The Concert - Isabella Stewart Gardner MuseumAuthor: Isabella Stewart Gardner Museum
15 Aug 2018

The Concert - Isabella Stewart Gardner Museum

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Classical Music Podcasts from the Isabella Stewart Gardner Museum

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    263. Building on History


  • Posted on 01 Mar 2018

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    262. Introducing Daniel Lebhardt

    Works by Brahms and Beethoven performed by Daniel Lebhardt on March 12, 2017.

    • Brahms, Johannes: Six Pieces, Op. 118
    • Beethoven, Ludwig van: Sonata No. 18 in E-Flat Major, Op. 31, No. 3, "The Hunt"

    Hungarian pianist Daniel Lebhardt is one of a long line of Young Concert Artists competition winners to make their Boston debut at the Gardner, and on this podcast, we’ll hear two recordings from the 24-year-old’s recent recital: Brahms’ Six Pieces, opus 118 and Beethoven’s Sonata No. 18 in E-flat Major, sometimes called “The Hunt.”

    A student at the Royal Academy in London, the young pianist has swept a number of competitions in recent years, claiming first prizes all across Europe, including in Italy, Slovakia, Romania, and the UK. His 2016 New York debut earned a rave from the Times critic Anthony Tommasini, who wrote that Lebhardt “dispatched the [Beethoven sonata] with scintillating crispness and conveyed its brash humor.”


  • Posted on 01 Feb 2018

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    261. Near the End

    Works by Schumann performed by Miriam Fried, violin and Jonathan Biss, piano on January 15, 2017.

    • Schumann, Robert: Sonata No. 2 in D Minor, Op. 121
    • Schumann, Robert: Gesange der Fruhe, Op. 133

    For many years, musicologists and music-lovers have tried to understand what it was that led to Robert Schumann’s troubling symptoms and ultimate death at age 46 in a psychiatric hospital. And for years, writers dismissed many of his later works as the incoherent products of a mind in decline.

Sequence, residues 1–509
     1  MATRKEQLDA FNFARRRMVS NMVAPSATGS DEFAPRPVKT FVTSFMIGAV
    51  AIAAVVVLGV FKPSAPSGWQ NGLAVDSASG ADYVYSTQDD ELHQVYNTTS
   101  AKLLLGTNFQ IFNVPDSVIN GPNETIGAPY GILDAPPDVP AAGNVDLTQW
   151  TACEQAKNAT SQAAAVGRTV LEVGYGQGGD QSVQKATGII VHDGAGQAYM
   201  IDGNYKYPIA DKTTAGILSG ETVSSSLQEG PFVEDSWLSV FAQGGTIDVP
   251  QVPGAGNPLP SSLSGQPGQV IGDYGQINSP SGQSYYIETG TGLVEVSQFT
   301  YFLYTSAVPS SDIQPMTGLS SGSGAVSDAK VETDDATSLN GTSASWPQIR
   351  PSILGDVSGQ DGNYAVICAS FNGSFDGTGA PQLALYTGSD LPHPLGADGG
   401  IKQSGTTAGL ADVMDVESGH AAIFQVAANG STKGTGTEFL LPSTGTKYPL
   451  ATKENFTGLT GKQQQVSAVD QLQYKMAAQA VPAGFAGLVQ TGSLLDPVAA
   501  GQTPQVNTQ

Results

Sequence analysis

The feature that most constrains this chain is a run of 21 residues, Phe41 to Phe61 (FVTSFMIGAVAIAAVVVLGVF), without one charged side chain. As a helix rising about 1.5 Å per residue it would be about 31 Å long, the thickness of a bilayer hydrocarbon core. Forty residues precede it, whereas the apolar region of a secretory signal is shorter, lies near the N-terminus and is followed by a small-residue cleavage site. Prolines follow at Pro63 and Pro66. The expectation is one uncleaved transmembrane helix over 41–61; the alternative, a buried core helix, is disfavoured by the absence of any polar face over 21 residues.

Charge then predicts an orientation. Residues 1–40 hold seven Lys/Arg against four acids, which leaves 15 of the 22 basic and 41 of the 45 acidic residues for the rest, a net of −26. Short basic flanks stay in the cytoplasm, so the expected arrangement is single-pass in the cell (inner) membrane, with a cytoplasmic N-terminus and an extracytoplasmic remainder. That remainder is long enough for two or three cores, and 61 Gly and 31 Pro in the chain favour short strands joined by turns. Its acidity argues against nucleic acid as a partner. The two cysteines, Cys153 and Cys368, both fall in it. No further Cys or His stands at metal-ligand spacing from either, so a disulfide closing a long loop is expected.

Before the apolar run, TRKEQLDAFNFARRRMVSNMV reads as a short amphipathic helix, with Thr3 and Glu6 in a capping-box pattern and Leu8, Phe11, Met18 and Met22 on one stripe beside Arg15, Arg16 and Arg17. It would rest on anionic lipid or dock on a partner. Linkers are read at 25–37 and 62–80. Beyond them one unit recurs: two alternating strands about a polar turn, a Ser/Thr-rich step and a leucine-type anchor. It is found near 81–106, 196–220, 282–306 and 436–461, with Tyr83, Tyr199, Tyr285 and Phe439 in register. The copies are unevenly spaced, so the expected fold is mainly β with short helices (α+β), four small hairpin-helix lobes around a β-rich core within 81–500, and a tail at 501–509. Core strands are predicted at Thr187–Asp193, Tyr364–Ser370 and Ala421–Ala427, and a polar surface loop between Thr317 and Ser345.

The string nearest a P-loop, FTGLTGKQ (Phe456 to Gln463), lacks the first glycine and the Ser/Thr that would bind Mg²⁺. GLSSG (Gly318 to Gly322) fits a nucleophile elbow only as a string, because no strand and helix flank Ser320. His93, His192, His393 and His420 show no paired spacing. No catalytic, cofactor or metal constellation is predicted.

But, more recently, many have come to appreciate Schumann’s later works—two of which we’ll hear on this podcast: his second violin sonata, in D minor, and “Gesänge der Frühe,” or “Songs of Dawn,” a five-movement work for piano—and one of the last pieces Schumann published before admitting himself to the psychiatric hospital where he ultimately died.

    On this recording, we’ll heard pianist Jonathan Biss in both works. In the sonata, he is joined by violinist Miriam Fried.


  • Posted on 01 Jan 2018

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    260. The Sweetness of Youth

    Works by Webern and Brahms performed by A Far Cry and Stefan Jackiw, violin and Anna Polonsky, piano on December 11, 2016 and October 5, 2014.

    • Webern, Anton: Langsamer Satz
    • Brahms, Johannes: Sonata No. 1 in G Major, Op. 78

    Hope you’re ready for a trip down memory lane: On this podcast, we hear two works tinged with the melancholy sweetness of youthful passion, remembered.

    Sweetness and passion aren’t necessarily the words most closely associated with the first composer on the program: Anton Webern, best known for his economical, exacting 12-tone works, written as a student of Schoenberg. Today, we’ll hear the pre-atonal Webern, in his Langsamer Satz (or slow movement) for strings. Webern wrote this piece as a young man falling in love. We’ll hear it played by A Far Cry, the Gardner’s resident ensemble.

    Next up: Johannes Brahms’ Violin Sonata No. 1 in G Major, opus 78. Unlike Webern, who wrote his Langsamer Satz in the throes of youth, Brahms composed this violin sonata in middle age, when he was in his 40’s. But it has an unmistakable, naïve sweetness. And, indeed, the piece is sometimes dubbed the “Rain Sonata” because it quotes from a song by Brahms called “Regenlied,” or “Rain Song.” We’ll hear the sonata performed by violinist Stefan Jackiw, and pianist Anna Polonsky.


  • Posted on 01 Dec 2017

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    259. All That Glitters

    Work by Korngold performed by Alexi Kenney, violin and Dina Vainshtein, piano on March 6, 2016.

    • Korngold, Erich: Sonata for Violin and Piano in G Major, Op. 6

    The piece we’ll hear on the podcast today was written when Erich Korngold was in his teens: his Violin Sonata in G Major, Op. 6. Why is this fascinating work, by such a promising composer, so little known today?

    In the 1930s, Korngold’s life took a dramatic turn, as the Nazi regime began to rise to power in his native Austria. Korngold was Jewish, and he accepted an invitation to come the United States—a move that would dramatically alter the course of his career. Once here, he quickly achieved success writing scores for Hollywood. Then, as the 20th century moved on musically, his early concert works fell out of favor, seen as too melodic and Romantic.

    But it is high time they got another hearing. Today, we’ll hear a recording from the Gardner Museum recital by young violinist Alexi Kenney and pianist Dina Vainshtein, recorded in March 2016—almost 100 years after the piece was written. Take a listen and see what you think: how does it stand the test of time?


  • Posted on 01 Nov 2017

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